Second, it is critical to Iraqi national pride to have a victory to call their own. Relying on us for protection only fosters feelings of dependency and resentment. An Iraqi victory in Fallujah will bolster Iraqi confidence and signal to them and to the world that they are now allies, not servants. Creating a stable, independent Iraq is not possible without such a victory.

Thirdly, an Iraqi victory over the terrorists is vital to the GWOT as a whole. The terrorists and their supporters know they can never beat the US militarily, so every US victory over them has muted psychological impact on them. They can spin almost any confrontation into a "victory" just by claiming they "stood up to us", for as long as there any of them still standing.

Not so when pitted against Iraqi forces. An Iraqi victory really hurts them; all the more so because it is accomplished by an Arab nation, particularly an Arab democracy. The terrorists do not enjoy the wide support in the Islamic world that some believe they do. The example of a free Iraq successfully combating terrorism would go far to turning that lack of support into an active force against terrorism. Put another way, success is contagious. Just as terrorist "victories" [usually perceived US retreats] embolden terrorist supporters, Iraqi victories will embolden those who condemn terrorism. Much has been made, quite rightly, of the general Islamic silence in the face of terrorist atrocities. Having an Islamic nation engaged successfully in the GWOT is perhaps the only effective way to attack that silence. [see Footnote]

These are the reasons why holding off on Fallujah last Spring was the right strategic decision. Thinking the US should have pacified Iraq by force and then handed it over to the new Iraqi government with a stern warning — "There, we’ve cleaned things up. Try not to make a mess again"— is the sort of patronizing attitude that undermines our cause and causes the international resentment that Kerry and his ilk whine about. It sends the signal that we feel Iraq [and therefore all other Islamic nations] are too weak, too stupid, too undeveloped to be able to solve their own problems, and too fragile to endure the cost of doing so. Freedom cannot be granted; it is not gift. It must be earned and the price is often high and always bloody. We can and have been and will continue to help Iraq and stand by them, but we can’t keep them from paying the necessary price and so cheapen their freedom if they are to succeed. To the coddled American ear, unmindful of how we got where we are, that will sound horridly callous; even intolerable. But I think the Iraqis lined up to volunteer outside of police stations that have just been shelled understand it. We should too.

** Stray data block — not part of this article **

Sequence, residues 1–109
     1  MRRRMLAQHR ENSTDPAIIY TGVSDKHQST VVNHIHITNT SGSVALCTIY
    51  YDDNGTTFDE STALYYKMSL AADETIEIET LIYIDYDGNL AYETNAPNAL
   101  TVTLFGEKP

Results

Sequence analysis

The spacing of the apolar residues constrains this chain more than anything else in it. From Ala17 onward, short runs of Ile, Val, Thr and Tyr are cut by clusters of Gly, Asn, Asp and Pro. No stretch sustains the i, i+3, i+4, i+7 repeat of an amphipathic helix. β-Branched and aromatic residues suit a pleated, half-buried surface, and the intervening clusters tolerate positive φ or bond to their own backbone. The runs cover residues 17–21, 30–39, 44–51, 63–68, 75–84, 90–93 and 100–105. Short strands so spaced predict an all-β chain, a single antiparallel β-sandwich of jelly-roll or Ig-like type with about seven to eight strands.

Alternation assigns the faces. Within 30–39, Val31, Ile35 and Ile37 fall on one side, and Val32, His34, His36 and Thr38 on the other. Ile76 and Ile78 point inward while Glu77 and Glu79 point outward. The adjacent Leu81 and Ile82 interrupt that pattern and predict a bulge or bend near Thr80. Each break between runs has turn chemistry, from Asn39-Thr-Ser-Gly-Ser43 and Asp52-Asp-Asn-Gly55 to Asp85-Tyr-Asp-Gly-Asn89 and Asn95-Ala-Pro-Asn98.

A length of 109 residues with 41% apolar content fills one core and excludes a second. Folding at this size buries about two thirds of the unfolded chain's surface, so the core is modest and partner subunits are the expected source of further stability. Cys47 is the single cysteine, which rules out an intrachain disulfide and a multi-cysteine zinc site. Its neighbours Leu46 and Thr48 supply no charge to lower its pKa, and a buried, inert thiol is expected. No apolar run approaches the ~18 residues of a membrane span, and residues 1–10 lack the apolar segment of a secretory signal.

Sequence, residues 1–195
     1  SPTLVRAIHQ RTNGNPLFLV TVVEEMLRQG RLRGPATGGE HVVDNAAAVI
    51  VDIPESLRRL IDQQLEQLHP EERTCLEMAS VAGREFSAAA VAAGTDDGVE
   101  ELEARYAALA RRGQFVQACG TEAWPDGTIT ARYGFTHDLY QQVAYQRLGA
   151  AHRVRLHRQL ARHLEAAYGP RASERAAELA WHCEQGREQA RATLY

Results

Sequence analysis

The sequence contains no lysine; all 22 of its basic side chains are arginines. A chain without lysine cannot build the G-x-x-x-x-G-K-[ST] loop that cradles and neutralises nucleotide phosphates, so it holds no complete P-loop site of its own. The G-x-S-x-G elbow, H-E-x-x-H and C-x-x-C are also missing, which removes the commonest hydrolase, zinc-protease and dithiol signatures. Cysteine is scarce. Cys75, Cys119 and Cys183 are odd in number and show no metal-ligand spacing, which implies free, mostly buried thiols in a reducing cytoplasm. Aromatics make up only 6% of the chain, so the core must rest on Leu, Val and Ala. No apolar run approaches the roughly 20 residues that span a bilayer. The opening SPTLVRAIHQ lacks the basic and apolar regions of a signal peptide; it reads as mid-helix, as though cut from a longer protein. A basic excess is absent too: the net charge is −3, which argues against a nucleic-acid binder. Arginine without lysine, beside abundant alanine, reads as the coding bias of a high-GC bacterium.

Finally, the prescription offered by Mr. Warren that "They must, regardless of casualties, retake every town in the Sunni Triangle, and clean each one out, properly" is not for the US to decide or attempt. "They" in this case must refer to the Iraqis. Only the Iraqis can decide to retake every town in the Sunni Triangle, regardless of casualties, and I am confident that they will indeed do so when they feel they are ready. I believe we should and will support them in this, but we cannot demand it of them — it is not our country.

Footnote: The above focuses on Iraq and Fallujah but I don’t wish to convey the impression that I think they are the only game in town. The issue is bigger than that, although Iraq gets all the press. In particular, I think the contribution of Pakistan to the GTOW has been vital. However, Pakistan is not much of democracy and General Mussharef does not enjoy the popular support the PM Allawi does, so he is a less useful ally for rousing Islamic public opinion against the terrorists. In this regard, the outcome of the recent election in Indonesia is very promising. Gen. Susilo Bambang Yudhoyono, a strong advocate of eliminating terrorists rather than appeasing or supporting them, won landslide victory, capturing 60% of the vote. He wants to restore full military co-operation with the U.S and shows every sign of being a valuable ally in the GWOT, and most importantly he has a true popular mandate for doing so. This will increase to three [possibly four, since I’m not sure of Jordan’s stance] the number of Islamic countries taking an active and open stand with the US against the Islamo-Fascists. This is very good news. [Hat Tip: DavidWarrenOnline]